PRESS

“….on these same lines how not to emphasize the utopic project for the Puno Museum of Contemporary Art with which Cesar Cornejo demonstrated at Lucia de la Puente the absolute validity of a concept of museum detached from the powers and the power.”

Gustavo Buntinx. “Die of Success, a look over the (Peruvian) art scene in 2010”, Revista Cosas, Dec 16, 2010, Lima Peru

“The week that has passed the exhibition conceptually most attractive was the one by Cesar Cornejo, a brilliant installation artist that comes from an architectural background which becomes evident in the extraordinary rigor of all of his works, whether those presented at galleries of ICPNA or at ARTCO, exhibitions that he has alternated with long residencies in Japan, where he would carry out a Masters in Art which he would culminate in a Doctorate in Arts before moving to the United States where he currently resides. His long absences not only allowed him to ample his horizons in the field of art but also in his comprehension of Perú and it’s dramatic differences. Therefore he has stopped showing his work in the interior of a gallery- except for projects like the currently presented at Lucia de la Puente- to move to develop works that could be considered utopic- in the best Russian sense- as it occurs with his idea to develop a collective work with the inhabitants of the city of Puno, to help them to restore their homes for free-70%of them are in this state-so later the repaired spaces will host works of art, converting Puno in the first city museum of the world…”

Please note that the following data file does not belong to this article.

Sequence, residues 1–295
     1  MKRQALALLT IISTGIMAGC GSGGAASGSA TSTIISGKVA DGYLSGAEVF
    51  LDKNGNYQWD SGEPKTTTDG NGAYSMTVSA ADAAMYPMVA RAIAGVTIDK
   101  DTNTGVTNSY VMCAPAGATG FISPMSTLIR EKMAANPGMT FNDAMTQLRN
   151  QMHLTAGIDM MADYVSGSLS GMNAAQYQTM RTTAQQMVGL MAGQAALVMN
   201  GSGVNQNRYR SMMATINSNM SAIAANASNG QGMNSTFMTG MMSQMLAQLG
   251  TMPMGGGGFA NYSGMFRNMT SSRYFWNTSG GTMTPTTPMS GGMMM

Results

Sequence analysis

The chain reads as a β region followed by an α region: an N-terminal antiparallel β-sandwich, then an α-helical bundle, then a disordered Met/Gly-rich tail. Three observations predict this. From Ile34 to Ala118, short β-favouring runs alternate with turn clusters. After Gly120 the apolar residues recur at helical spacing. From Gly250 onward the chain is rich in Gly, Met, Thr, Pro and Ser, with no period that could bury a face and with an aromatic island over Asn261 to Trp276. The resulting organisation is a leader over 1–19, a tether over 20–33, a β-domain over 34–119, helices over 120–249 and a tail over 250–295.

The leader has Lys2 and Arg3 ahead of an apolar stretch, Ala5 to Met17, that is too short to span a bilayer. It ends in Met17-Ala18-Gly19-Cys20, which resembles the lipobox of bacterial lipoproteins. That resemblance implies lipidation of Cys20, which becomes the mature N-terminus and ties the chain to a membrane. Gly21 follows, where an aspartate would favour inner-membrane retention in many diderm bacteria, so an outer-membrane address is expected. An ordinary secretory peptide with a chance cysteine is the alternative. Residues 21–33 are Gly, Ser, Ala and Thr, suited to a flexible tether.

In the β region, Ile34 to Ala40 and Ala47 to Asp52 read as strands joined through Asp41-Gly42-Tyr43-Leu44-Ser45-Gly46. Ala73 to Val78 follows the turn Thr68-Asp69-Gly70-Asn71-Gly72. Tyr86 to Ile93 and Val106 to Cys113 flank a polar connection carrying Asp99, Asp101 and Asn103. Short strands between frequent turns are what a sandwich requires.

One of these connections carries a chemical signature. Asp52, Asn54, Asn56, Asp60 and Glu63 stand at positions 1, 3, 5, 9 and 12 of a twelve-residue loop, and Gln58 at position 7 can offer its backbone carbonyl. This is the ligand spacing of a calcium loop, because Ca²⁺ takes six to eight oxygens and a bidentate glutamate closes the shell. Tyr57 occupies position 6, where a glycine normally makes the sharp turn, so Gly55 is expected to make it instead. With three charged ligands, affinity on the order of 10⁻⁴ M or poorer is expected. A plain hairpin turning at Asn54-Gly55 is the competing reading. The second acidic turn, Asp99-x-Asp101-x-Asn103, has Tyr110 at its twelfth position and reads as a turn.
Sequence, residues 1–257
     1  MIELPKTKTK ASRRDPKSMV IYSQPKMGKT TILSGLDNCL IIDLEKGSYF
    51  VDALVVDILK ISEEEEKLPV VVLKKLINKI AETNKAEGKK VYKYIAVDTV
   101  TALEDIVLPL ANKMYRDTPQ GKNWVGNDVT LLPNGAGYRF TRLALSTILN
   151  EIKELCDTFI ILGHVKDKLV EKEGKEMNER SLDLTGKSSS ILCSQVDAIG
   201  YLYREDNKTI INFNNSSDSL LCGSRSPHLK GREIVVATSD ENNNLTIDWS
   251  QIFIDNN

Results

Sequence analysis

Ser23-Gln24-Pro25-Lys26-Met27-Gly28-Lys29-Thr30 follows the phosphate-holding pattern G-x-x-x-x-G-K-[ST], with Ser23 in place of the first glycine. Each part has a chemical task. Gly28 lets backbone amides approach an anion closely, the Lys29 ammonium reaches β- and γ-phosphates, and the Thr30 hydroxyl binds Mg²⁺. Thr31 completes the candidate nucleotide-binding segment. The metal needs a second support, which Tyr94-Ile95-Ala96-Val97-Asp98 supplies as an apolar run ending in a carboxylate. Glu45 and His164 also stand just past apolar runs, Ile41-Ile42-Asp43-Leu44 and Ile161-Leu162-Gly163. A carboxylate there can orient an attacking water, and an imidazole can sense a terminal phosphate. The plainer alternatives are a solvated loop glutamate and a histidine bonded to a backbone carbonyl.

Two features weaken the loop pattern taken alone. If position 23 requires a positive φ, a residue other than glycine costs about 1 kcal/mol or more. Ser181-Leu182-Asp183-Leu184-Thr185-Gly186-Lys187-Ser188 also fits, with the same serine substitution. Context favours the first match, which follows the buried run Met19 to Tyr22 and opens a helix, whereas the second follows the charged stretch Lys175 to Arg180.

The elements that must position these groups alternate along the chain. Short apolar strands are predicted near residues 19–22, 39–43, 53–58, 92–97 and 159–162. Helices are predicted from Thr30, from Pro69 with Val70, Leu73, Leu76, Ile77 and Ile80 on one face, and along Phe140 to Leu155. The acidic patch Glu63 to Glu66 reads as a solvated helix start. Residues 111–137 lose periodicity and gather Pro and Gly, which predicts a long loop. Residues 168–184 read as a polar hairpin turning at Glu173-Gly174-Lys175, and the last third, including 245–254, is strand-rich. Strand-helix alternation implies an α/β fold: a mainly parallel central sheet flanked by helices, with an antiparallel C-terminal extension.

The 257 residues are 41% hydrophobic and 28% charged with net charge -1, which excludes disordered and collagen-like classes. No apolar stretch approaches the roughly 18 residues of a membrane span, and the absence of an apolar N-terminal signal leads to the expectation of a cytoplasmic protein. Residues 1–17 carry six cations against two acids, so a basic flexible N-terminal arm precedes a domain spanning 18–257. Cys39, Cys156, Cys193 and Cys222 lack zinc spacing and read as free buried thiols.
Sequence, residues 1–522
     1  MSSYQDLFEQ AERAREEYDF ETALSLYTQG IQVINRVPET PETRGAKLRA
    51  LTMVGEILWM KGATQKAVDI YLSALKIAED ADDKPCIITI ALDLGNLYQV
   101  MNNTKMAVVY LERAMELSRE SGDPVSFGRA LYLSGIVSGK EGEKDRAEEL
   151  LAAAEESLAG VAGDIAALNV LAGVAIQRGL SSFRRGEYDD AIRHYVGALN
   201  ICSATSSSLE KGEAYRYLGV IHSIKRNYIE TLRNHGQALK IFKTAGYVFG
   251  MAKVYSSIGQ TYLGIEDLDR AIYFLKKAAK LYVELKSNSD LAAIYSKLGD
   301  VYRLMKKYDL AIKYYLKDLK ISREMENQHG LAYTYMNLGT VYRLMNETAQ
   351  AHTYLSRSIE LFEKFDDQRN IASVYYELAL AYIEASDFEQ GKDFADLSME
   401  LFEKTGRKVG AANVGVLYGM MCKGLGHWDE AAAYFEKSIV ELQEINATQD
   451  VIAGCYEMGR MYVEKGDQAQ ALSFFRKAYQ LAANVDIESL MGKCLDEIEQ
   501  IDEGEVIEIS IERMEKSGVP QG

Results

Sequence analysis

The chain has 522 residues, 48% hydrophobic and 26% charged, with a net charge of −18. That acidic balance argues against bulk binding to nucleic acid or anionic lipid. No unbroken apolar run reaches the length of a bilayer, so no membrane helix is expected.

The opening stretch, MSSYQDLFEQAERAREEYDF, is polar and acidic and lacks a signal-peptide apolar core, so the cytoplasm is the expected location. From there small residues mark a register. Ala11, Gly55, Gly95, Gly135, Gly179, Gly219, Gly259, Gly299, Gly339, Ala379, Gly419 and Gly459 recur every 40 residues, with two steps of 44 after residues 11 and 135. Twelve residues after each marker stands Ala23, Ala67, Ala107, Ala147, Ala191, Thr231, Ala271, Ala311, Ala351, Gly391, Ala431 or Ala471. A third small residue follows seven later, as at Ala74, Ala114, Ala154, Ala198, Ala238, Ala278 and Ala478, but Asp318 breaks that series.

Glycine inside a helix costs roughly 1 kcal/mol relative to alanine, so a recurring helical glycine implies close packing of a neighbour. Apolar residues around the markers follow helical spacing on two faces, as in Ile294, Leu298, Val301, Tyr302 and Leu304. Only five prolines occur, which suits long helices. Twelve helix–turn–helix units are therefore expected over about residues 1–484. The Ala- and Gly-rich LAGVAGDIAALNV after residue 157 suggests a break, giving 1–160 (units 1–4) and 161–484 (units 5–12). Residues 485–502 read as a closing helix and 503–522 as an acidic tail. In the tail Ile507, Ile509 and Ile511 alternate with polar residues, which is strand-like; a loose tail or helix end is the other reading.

Luis E. Lama, “Abundance” Caretas Magazine, Edition 2145, Sep 02, 2010, Lima Peru

“Cesar Cornejo’s Museumorphosis Part I (2008) and Museumorphosis Part II (2008) are a two-fold installation that works as a plan to build a museum inside people’s houses in the city of Puno, in Peru. The installatin at WAC comprises numerouse miniature brick houses on a circular soil ground, and a photograph on the Guggenheim Museum in New York. The photorgraph serves as a critical reminder of the practice of museum exportation, a corporate concept that equates art with other franchising businesses in developing countries…”

Denise Carvalho, Preemtive Resistances, Critical Pointers in Latin American Art Catalog, Westport Arts Center, 2009.